Dr. Hutch: It’s a comfort to know how easy it is to quit
The Doc ruminates on the humiliations of detraining and the end of the gravy train
The last serious bike race I rode was the 2014 Commonwealth Games. It’s a bit of a surprise to realise that that’s three years ago now — it feels much longer. I’ve also gone through a certain disappointment when it became clear that cycle sport was able to manage just fine without me.
I think I’d more or less assumed that as soon as I stopped it would grind to a halt.
Three years on, something else occurred to me. One of the staple features of magazines such as this one is an article that is usually printed under a headline saying along the lines of, “All the way from couch potato to international rider in just three seasons!”
I don’t think anyone has ever run a piece on the return journey. So I hereby present what I’ve learned.
The biggest bit of bad news is that training works. I’d assumed that my former ability to ride at over 400 watts for an hour was down to my intrinsic wonderfulness.
Oh, for sure, I trained, but it was really only out of superstition. I didn’t think it made any actual difference — how, after all, could someone as humble as I improve upon what nature had already made perfect?
When I retired I even exaggerated the amount of proper training I was still doing, because I didn’t want people to feel bad when it turned out that I was still better than them.
This problem has, I have to tell you, not really turned out to be a big one. I’ve been able to use a power meter to accurately track my deterioration. There has been a perverse sort of pleasure in it.
My legs have shrunk. They used to be magnificent — vast of girth, bronzed, chiselled. A stranger at a party once asked if she could stroke my calves. They now look like something a kebab-shop worker would try to shave the last few scraps of meat off before throwing it to a dog.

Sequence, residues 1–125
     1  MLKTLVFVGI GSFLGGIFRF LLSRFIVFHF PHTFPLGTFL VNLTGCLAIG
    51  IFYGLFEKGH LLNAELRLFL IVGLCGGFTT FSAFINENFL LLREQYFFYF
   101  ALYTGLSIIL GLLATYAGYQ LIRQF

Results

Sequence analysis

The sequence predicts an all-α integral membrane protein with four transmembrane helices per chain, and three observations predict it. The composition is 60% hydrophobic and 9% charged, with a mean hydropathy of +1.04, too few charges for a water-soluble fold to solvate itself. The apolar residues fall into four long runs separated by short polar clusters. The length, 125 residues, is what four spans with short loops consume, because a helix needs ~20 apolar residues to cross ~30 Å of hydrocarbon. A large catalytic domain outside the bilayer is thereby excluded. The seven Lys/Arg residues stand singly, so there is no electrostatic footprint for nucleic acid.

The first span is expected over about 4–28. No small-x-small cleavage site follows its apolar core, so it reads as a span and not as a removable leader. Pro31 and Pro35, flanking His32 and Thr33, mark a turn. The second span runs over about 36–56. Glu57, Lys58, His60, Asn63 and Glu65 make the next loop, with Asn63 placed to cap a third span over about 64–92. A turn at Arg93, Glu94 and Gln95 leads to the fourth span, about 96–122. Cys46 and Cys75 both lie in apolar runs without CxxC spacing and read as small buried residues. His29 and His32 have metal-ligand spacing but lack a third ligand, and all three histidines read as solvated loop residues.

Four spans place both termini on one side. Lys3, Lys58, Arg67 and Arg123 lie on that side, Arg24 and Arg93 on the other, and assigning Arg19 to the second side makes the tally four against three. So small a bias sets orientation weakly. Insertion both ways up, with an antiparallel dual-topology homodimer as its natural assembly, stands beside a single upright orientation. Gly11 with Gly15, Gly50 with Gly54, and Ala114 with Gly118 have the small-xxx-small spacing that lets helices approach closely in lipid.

I’m grateful that at least my legs haven’t got shorter — and I was worried enough to check.
Another problem: bike companies have stopped giving me free stuff. I suppose I always knew that the freebies were only because I might use them to win something.
But let me tell you it’s a chastening experience to no longer be able to walk into a bike shop and point at things, saying, “One of those, but in red, and two of those but with some half-decent wheels on ’em, and drop it all round on Thursday,” all without your credit card ever seeing the light of day. I am sure I can depend on your sympathy in this.
I’ve lost weight — about 2kg, which I didn’t expect at all.
This was quite cheering till I realised it was probably just the egg-sized saddle sore I’d had since 2004 healing.
I’ve been amazed how much extra time there is in a day when I don’t have to spend three or four hours riding a bike and then two hours sleeping it off. But I’ve done nothing useful with it.
As a self-employed freelance, it turns out that I only work when I’m in a panic about how little time I’ve got left before bed, and that adrenaline shot only kicks in at 8pm each evening, whether I’ve been riding a bike or not.
Overall, though, getting unfit has been a piece of cake. I’d go so far as to suggest that anyone could start from where I was and get down to the level I’m at now just as effortlessly as I have.
I wouldn’t actually rule out taking up bike racing again at some point in the future. But even if I do, it’s a comfort to know that if that happens it’s very, very easy to quit.